Peritoneal inclusion cysts
Peritoneal inclusion cysts are a fluid accumulation related to active ovaries and peritoneal adhesions that have developed as a result of pelvic surgery or inflammatory disease. On MRI, these lesions typically present as a unilocular or multilocular cystic mass. One of the characteristic MR findings that can allow specific diagnosis of this condition is configuration of the cyst wall, which is outlined by the pelvic wall, pelvic organs, and bowel loops (Fig. 10). Presence of the normal ovary within the lesion is another suggestive MRI finding. Although the lesion may occasionally be mistaken for a cystic ovarian neoplasm, recognition of a patient’s history of previous surgery and the characteristic MRI features can help avoid confusion. This condition is usually treated conservatively unless the lesion causes pain or abdominal distension .
Solid/solid and cystic lesions
Adnexal torsion is one of the gynecologic emergencies that causes acute pelvic pain. Torsion of a normal ovary is usually seen in children but can occur in young females (Fig. 11) . This condition more commonly occurs in ovaries with an ovarian neoplasm or cyst. If the ovarian tissue does not infarct, the affected ovary should be salvaged by untwisting the adnexa for preserving fertility. Contrarily, if the affected ovary becomes necrotic, salpingooophorectomy is required.
MRI can allow accurate diagnosis of this condition by demonstrating a twisted vascular pedicle between the enlarged ovary and uterus. In the early stages, a torsed ovary may be swollen and contain multiple follicles separated by edematous stroma . Hyperintense signal of enlarged ovarian stroma on T2-weighted images probably related to edema can be useful findings in viable torsions [18, 19]. When hemorrhagic necrosis occurs, the lesion may exhibit high intensity on T1-weighted images [17, 20]. Identification of the enhancement on postcontrast MR images is an important finding for suggesting the viable tissues in the affected ovary . Lack of enhancement in the torsed ovary may indicate complete interruption of blood flow, and it is a delayed sign suggesting hemorrhagic infarction of the lesion .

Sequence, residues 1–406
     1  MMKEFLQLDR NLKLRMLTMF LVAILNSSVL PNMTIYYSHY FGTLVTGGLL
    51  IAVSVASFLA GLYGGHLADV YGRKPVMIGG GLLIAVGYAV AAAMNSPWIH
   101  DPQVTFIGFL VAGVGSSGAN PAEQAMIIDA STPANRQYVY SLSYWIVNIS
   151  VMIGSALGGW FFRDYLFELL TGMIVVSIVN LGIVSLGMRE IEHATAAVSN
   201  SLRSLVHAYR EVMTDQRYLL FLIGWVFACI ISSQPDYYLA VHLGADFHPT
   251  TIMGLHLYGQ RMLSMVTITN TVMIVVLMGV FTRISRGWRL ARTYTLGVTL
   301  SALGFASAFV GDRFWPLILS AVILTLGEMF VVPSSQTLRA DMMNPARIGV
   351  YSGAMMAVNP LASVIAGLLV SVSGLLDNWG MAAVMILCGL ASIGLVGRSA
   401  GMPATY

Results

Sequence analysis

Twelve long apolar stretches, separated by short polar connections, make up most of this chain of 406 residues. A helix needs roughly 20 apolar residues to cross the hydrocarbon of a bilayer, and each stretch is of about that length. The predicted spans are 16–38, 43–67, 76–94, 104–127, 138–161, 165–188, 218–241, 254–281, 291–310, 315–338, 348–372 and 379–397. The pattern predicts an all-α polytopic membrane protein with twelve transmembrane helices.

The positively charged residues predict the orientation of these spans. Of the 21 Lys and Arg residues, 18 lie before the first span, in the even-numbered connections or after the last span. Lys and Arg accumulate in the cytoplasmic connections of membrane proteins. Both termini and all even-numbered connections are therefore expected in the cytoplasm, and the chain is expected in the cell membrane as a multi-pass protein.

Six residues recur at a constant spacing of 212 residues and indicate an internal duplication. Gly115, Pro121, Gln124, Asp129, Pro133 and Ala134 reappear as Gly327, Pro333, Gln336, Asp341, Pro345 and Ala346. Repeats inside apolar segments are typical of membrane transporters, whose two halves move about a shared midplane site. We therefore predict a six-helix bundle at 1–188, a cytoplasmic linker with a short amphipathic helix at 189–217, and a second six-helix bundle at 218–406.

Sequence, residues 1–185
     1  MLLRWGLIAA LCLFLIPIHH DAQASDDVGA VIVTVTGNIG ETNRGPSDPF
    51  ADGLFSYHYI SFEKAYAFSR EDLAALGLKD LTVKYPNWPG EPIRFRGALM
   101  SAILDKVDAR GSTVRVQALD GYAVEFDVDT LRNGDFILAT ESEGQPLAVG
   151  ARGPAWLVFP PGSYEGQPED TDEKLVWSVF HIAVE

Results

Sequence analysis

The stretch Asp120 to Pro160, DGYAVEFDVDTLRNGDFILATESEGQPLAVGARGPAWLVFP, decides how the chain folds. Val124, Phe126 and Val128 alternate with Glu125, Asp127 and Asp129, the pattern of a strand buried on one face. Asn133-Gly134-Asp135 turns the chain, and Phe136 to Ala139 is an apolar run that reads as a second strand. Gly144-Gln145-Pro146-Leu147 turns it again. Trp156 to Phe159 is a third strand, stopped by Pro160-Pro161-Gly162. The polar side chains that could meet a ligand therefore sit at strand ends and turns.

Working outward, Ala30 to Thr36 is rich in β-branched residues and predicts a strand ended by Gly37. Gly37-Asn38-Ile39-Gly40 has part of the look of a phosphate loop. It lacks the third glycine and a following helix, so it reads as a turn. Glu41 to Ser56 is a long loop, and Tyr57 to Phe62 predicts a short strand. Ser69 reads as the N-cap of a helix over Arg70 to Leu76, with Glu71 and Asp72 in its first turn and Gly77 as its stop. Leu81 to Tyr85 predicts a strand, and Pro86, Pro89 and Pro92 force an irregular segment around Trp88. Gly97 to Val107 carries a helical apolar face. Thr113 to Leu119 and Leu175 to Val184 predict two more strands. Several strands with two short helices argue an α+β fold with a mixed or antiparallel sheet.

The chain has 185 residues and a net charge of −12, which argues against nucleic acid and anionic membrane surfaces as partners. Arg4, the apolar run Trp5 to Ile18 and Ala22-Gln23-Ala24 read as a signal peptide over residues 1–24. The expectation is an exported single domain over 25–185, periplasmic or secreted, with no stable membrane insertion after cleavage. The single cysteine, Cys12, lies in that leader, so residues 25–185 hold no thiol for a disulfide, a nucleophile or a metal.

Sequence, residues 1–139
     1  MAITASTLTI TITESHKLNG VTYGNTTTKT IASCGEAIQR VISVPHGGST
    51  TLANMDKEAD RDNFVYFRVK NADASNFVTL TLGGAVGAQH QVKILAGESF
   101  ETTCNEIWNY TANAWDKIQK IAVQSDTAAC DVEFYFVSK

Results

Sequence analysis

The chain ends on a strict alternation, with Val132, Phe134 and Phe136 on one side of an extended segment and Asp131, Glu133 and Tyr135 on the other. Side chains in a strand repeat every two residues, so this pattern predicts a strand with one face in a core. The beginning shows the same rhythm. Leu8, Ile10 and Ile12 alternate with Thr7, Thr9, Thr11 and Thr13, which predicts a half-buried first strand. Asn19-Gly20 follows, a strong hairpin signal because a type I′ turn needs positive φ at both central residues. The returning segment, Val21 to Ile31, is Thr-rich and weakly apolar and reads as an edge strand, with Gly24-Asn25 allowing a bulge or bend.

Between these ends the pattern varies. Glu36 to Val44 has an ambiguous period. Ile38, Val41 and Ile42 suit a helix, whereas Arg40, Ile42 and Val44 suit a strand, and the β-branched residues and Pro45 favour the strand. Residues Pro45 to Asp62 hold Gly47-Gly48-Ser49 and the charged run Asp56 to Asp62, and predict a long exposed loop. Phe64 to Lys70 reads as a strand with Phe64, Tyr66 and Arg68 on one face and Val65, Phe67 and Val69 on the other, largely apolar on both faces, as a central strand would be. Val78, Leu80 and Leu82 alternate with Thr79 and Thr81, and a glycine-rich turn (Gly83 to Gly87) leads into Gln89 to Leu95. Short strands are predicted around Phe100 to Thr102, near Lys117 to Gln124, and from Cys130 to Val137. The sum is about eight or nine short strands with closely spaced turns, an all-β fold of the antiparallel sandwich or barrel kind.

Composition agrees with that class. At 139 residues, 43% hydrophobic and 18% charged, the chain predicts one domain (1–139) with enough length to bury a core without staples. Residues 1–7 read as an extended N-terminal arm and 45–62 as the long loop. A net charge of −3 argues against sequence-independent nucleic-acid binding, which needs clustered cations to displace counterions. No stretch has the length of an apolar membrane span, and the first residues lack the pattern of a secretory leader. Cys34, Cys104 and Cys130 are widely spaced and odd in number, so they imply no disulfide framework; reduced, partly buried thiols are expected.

Massive ovarian edema
Massive ovarian edema is a rare condition caused by partial or intermittent torsion of the ovary with obstruction of venous drainage. This causes enlargement of the ovary due to edema and proliferation of theca cells in the medulla . Patients with massive ovarian edema usually have one or both involved ovaries and present with abdominal or pelvic pain. Unlike ovarian torsion, massive ovarian edema is not accompanied by infarction or necrosis, and the ovary remains viable. Enlarged ovaries may simulate solid ovarian neoplasms when visualized with MRI . However, embedded follicles may help to differentiate an edematous ovary from a neoplastic ovary (Fig. 12). An accurate diagnosis of this condition would allow preservation of ovarian function, as the appropriate procedure would be wedge resection of the affected ovary.
Pregnancy luteoma is a rare non-neoplastic condition characterized by bilateral ovarian enlargement during pregnancy, which may simulate ovarian neoplasms. It may be caused by replacement of normal ovarian parenchyma by solid proliferation of luteinized stromal cells under the influence of hCG. Unlike patients with hyperreactio luteinalis, however, patients with pregnancy luteoma do not have excessive hCG levels, and within the ovary, it is the stromal cells rather than the follicles that are being stimulated. Patients are often asymptomatic although virilization of mother and fetus can occur due to increased androgen produced by the stromal cells. On MRI, pregnancy luteoma may appear as bilateral multinodular solid masses in both ovaries .